14 November 2022
by Nick Warburton

3D printing tail rotor gearbox housing on drones

Italian manufacturer CRP Technology has partnered with the firm FLYING-CAM to create a 3D-printed protective system for the tail rotor actuators and GPS antenna on the latter’s 75kg unmanned single-rotor helicopter named Discovery.

FLYING-CAM's Discovery tail rotor, 3D-printed in Windform XT 2.0 carbon-fibre-filled composite material from CRP Technology © FLYING-CAM

Engineer Franco Cevolini, CTO at CRP Technology, explains that the brief was to create lightweight, yet rigid, physical and aerodynamic protection.

The manufacturer chose selective laser sintering – a powder bed fusion (PBF) process – to complete the protective casing using a carbon-fibre-filled, polyamide-based, 3D-printed composite known as Windform XT 2.0 technology.

Emmanuel Previnaire, founder and CEO of FLYING-CAM, says, 'With the potential that drones offer the civil market, and the interest in Beyond Visual Line Of Sight (BVLOS) flights, we felt it was the right time to develop a drone that could not only capture beautiful imagery…but that could carry a variety of payloads to collect the necessary data for other industrial applications'. Discovery is kitted with sensors for a variety of applications suitable for high precision remote sensing.

The complexity, quality and shape of the brief for CRP Technnology was therefore demanding.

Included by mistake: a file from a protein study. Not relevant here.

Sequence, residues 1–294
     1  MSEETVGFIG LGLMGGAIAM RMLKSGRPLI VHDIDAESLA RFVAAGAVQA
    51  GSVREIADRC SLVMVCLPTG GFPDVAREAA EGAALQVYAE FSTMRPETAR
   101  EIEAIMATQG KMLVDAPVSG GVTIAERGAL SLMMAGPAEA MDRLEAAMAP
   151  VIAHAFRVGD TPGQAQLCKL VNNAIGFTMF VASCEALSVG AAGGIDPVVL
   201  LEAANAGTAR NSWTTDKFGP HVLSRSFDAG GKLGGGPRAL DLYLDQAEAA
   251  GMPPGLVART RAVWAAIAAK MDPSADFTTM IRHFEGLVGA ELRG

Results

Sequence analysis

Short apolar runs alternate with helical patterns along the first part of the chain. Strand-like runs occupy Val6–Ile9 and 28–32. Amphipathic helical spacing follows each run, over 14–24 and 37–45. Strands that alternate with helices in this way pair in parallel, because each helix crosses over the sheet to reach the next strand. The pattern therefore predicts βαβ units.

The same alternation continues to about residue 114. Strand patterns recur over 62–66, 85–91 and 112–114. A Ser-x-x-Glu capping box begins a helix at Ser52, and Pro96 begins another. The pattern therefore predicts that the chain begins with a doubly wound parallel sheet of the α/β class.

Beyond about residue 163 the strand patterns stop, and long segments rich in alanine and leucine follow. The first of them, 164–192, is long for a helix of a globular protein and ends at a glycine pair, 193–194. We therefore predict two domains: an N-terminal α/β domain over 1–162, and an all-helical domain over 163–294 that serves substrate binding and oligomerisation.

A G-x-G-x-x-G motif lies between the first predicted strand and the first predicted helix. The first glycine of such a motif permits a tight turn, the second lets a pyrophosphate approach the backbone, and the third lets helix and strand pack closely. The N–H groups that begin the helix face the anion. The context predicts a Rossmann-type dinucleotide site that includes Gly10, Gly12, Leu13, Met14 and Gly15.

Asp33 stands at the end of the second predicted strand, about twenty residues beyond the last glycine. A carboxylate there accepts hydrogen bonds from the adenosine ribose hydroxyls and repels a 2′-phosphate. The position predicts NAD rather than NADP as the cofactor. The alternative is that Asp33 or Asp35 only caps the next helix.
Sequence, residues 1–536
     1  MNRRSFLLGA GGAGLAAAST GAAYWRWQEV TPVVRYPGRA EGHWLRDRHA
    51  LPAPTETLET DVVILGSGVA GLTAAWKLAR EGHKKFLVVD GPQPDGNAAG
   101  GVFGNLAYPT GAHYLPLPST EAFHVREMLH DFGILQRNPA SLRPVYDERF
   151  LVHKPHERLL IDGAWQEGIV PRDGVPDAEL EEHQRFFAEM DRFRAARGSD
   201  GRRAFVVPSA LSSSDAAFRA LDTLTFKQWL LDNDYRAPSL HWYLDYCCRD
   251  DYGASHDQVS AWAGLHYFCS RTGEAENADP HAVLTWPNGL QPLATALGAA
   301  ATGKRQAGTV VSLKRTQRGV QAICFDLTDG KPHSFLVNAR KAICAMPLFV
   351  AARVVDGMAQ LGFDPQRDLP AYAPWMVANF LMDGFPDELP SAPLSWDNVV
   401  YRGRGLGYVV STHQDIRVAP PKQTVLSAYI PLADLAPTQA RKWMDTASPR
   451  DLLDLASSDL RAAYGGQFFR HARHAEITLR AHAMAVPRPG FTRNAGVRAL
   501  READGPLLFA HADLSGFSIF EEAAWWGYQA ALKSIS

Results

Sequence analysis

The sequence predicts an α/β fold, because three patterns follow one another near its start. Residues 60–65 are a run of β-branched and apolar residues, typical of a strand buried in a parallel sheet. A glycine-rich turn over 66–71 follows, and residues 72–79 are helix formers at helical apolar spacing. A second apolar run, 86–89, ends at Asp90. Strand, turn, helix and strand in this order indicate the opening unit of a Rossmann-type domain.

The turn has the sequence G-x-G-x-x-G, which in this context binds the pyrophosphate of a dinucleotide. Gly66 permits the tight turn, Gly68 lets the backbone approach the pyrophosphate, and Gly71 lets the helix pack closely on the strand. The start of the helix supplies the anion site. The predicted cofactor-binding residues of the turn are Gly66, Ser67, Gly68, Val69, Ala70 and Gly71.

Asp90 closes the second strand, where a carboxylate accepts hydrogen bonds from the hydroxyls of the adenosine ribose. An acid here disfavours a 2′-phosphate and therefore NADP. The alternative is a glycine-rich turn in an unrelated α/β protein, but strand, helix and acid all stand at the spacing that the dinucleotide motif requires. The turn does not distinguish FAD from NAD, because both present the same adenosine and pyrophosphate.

The part has been conceived to withstand specific issues, Previnaire shares. 'The component was planned to be clamped on the tail boom, and support also the carbon plate used as a tail rotor ground protection. For this reason, a good stress resistance was needed. The clamping strength depends on the construction material’s capabilities. We have chosen Windform XT 2.0 as it allows us to achieve it with a good weight-resistance ratio.'

The mechanical and thermal properties of Windform materials are strictly connected to the characteristics of the 3D printing manufacturing process.

CRP Technology undertook an internal ‘design review’ to ensure it could meet the exacting standards.

'We carried out dimensional inspections and destructive testing methods – in this case, tensile tests – to validate the 3D-printed part from a mechanical point of view,' Cevolini explains. 'These tensile tests were conducted on specimens manufactured along with the customer’s part.'

Cevolini explains that the design review is part of the legacy that the manufacturer has built on through its experience working with Formula 1, to maximise the potential of 3D printing.

Previnaire underlines, 'The most innovative aspect…is the free shape design, important for aerodynamic purpose, as well as the ability to create complex wiring channels inside with strong attachment point, in one unique piece. [The] PBF process and Windform materials allow the creation of hollow parts with a lot of functional details, such as fixation nuts integration [and] cable attachment points.'

Cevolini adds that the composite material offers other important benefits – it has passed outgassing tests for the major international space agencies so is ready for flight and space, and it has also achieved an HB rating in relation to the flammability UL 94 test.

The solution, he says, can provide reduced mass and weight; iterations can be produced more quickly; it is possible to obtain a very smooth surface finish; and the geometry can be optimised to improve the integration of internal parts. Going forward, 'One of the challenges we face is manufacturing 3D-printed structures that are becoming smaller, yet are capable of fitting in more systems, such as electronics, a camera and a radio.'


Nick Warburton

Freelance writer